Disadvantages of American Depository Receipts

American Depository Receipts could be a good investment – but are there any disadvantages to holding them?  Like every other investment that exists, the answer to that question is yes.

Let’s take a look at some of the potential drawbacks.

1) Foreign exchange risk – it is important to bear in mind that although your investment is valued in US dollars, and dividends are paid in that currency, the underlying investment is still exposed to foreign exchange fluctuations which can significantly increase the overall volatility of your financial return.  Investors should be wary of investing in countries which have historically experienced large swings in exchange rates, hyper-inflationary economies or currency revaluations.   Even so, you will still be exposed to changes in the value of the US dollar.

2) Selection choice – unfortunately, not every foreign company makes it stock available through this method, often because they do not feel it is necessary to access US markets in this way.  You may, therefore, encounter a situation where there is a sector or geographical area that you wish to invest in, but your first choices do not offer this type of investment vehicle.

3) Illiquidity – even if a company does offer this type of instrument, trading may be thin (especially if the company is not well-known in the United States) and, as a result, it could be difficult to either acquire or dispose of the investment in accordance with your desired timelines.  Accordingly, these investments may not be suitable unless you are looking to hold them for the long-term.

4)  Diversification risk – as with other investments, it is important to diversify appropriately. If you lack sufficient capital to invest in a reasonable number of these instruments (e.g. more than 20), then you will not be adequately diversified.  As noted above, because of scarcity and illiquidity of these instruments, diversification is made somewhat more difficult to accomplish.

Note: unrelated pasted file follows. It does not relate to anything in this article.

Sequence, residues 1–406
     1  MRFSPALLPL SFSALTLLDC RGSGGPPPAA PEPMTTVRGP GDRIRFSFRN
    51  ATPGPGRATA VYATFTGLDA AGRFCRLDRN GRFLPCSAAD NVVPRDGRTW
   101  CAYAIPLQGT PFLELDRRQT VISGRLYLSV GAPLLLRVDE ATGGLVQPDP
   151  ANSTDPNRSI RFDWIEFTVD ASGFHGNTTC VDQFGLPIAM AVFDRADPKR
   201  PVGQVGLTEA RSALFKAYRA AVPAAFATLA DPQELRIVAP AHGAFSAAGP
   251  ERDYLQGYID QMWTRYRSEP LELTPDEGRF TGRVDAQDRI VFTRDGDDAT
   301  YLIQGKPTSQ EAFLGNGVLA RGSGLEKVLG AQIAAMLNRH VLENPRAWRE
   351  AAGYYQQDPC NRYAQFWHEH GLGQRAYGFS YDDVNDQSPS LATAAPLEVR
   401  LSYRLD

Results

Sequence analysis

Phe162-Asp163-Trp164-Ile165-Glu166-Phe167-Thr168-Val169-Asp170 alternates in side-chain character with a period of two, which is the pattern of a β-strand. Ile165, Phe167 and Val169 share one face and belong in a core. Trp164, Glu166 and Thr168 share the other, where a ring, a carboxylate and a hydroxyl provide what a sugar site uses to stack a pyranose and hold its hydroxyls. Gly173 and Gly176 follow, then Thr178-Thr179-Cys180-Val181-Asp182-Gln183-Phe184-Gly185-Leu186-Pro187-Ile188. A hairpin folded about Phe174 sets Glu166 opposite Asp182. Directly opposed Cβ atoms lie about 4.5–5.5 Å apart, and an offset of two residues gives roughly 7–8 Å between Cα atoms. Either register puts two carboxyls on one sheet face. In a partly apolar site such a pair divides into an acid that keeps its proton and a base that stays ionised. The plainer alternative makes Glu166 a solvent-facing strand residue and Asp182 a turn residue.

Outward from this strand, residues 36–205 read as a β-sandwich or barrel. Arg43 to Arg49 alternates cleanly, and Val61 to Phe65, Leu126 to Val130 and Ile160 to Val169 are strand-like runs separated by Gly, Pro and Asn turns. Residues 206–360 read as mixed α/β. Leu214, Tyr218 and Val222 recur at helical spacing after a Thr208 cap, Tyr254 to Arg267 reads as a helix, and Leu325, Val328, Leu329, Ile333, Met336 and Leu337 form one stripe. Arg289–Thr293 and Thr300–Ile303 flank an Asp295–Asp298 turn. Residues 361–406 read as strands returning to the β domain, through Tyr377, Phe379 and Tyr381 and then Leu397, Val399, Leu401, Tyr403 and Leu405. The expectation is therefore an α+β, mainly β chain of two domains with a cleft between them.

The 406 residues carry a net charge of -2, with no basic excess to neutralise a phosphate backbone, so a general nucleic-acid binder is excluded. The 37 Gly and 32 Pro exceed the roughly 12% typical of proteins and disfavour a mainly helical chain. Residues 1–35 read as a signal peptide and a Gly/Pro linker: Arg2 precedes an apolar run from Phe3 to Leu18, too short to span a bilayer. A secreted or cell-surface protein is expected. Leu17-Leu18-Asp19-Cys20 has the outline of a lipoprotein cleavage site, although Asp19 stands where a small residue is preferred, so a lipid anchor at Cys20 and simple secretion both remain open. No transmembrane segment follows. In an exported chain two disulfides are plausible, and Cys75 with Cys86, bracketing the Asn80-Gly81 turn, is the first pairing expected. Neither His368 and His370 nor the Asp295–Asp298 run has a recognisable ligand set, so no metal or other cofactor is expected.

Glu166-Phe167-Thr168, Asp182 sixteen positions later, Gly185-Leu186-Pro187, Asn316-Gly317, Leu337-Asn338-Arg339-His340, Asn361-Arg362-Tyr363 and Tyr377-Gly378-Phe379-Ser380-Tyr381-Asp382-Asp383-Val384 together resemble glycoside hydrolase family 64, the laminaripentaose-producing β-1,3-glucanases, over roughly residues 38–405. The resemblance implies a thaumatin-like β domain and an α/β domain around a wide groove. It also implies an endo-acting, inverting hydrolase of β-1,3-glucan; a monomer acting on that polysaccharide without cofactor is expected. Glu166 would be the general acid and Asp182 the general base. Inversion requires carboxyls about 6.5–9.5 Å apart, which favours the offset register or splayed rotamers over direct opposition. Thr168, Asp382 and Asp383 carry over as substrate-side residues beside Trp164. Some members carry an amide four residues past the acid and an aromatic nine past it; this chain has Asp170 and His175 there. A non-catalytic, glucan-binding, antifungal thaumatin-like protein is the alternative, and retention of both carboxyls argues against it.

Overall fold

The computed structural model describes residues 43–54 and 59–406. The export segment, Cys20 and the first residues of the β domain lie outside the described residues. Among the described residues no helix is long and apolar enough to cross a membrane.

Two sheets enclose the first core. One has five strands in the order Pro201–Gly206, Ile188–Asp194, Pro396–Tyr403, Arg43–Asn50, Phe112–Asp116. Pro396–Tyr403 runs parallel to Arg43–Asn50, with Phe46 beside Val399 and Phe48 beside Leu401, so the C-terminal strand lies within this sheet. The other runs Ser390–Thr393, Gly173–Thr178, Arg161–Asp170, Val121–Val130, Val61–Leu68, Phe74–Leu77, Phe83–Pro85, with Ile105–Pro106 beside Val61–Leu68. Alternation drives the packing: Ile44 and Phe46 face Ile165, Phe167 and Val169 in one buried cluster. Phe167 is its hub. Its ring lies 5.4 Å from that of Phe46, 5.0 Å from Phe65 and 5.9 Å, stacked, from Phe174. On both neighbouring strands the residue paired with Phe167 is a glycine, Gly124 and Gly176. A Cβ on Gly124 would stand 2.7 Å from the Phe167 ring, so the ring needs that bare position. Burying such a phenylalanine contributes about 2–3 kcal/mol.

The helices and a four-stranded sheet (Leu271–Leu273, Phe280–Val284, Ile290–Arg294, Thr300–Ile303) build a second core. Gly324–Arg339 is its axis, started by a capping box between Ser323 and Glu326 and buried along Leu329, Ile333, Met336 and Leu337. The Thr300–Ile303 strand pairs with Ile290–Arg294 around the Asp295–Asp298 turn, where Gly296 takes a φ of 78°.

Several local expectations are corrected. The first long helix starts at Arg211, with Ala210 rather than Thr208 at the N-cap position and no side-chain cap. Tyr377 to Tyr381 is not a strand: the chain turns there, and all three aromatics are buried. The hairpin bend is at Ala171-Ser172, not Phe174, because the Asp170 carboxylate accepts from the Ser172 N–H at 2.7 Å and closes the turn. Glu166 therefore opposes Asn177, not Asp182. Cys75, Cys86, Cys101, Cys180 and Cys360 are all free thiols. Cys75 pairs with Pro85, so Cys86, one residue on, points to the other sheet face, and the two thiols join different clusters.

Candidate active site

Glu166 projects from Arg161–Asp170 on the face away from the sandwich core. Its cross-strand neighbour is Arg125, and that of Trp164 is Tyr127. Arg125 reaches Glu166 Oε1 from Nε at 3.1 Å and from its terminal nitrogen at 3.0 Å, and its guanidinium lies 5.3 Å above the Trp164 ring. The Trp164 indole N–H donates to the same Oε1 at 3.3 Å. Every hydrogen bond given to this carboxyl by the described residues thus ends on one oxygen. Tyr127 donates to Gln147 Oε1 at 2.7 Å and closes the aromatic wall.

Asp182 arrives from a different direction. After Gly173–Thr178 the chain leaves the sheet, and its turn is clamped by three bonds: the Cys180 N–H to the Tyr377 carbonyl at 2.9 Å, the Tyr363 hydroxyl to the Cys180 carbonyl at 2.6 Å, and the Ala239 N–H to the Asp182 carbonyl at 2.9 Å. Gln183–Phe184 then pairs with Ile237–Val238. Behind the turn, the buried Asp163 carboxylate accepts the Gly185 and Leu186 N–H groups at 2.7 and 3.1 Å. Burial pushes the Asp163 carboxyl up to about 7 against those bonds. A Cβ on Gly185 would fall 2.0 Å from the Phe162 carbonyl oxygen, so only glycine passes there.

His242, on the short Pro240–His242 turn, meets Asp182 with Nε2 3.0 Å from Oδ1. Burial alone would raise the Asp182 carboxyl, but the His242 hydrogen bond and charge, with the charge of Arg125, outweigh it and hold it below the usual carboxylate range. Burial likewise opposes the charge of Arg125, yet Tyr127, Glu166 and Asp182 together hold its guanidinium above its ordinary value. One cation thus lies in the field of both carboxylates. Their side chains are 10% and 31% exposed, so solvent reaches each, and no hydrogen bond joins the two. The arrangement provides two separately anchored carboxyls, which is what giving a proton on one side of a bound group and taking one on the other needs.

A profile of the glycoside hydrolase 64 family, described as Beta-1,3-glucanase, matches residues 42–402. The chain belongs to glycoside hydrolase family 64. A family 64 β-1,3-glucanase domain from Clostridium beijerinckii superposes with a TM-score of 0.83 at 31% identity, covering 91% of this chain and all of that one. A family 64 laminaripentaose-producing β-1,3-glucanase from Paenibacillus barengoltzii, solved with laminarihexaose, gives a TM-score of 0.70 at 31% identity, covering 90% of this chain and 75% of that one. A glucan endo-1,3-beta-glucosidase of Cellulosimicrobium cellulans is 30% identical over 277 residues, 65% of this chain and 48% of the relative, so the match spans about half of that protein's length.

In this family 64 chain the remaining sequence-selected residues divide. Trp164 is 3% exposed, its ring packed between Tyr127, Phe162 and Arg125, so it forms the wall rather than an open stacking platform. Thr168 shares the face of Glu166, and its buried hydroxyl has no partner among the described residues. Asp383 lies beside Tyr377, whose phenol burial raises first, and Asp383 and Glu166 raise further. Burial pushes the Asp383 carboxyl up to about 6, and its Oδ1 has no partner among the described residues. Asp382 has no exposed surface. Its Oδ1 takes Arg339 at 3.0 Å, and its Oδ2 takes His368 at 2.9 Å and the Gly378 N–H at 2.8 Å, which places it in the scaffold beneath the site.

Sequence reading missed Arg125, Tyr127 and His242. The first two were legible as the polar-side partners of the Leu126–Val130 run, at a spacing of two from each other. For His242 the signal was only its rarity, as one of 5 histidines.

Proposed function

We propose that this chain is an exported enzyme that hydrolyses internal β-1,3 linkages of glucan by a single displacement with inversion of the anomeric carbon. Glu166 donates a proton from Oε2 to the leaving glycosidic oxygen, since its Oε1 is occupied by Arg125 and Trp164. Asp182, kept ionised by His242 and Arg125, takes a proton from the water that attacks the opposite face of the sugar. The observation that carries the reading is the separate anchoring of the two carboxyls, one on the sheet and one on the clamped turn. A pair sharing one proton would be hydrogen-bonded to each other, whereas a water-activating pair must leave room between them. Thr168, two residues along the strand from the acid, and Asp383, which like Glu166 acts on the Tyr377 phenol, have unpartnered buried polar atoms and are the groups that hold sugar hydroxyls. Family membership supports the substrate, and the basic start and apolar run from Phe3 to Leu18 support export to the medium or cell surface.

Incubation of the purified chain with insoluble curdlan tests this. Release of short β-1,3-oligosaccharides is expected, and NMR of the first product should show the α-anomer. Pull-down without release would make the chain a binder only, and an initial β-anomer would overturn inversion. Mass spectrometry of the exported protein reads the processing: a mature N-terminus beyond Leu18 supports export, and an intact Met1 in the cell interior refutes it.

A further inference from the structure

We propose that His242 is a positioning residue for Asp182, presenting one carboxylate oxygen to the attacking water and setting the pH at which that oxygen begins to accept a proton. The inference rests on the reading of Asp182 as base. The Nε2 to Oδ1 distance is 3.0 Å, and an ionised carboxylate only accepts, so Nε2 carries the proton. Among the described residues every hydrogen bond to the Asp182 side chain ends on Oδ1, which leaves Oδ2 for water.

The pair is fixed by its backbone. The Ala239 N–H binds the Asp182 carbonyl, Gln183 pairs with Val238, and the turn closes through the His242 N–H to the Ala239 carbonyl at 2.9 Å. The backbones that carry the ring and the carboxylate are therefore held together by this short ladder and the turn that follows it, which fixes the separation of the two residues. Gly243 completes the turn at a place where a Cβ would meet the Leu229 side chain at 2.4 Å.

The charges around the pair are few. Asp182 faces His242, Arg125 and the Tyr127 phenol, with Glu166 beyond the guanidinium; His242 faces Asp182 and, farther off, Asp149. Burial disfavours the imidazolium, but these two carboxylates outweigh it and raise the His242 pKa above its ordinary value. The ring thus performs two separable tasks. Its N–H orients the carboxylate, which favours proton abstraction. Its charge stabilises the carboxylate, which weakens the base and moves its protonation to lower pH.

5) Withholding and other taxes – as the underlying investment is overseas, the country where the business operates may withhold taxes on dividend payments.  In the UK, American Deposit Receipts also attract a 1.5% stamp duty reserve tax. Although, in most cases, you will be able to receive a tax credit to offset these amounts, there will still be a timing delay compared to receiving dividends on a gross basis from a domestic company.

6) Additional fees – the holding vehicle for the underlying shares incurs a number of incremental expenses in managing the entire process, compared to regular stocks, and will pass these on to the investor – usually by deducting them from dividends.

7) Documentation flow – a relatively minor point, but one to be aware of, is that the flow of regulatory documents, such as proxies, may be delayed as they are routed via the holding company of the underlying shares.  In most cases, this is not expected to cause significant issues.

Investing in a ETF or mutual fund would overcome some of the above drawbacks, but, of course, such investments have disadvantages of their own.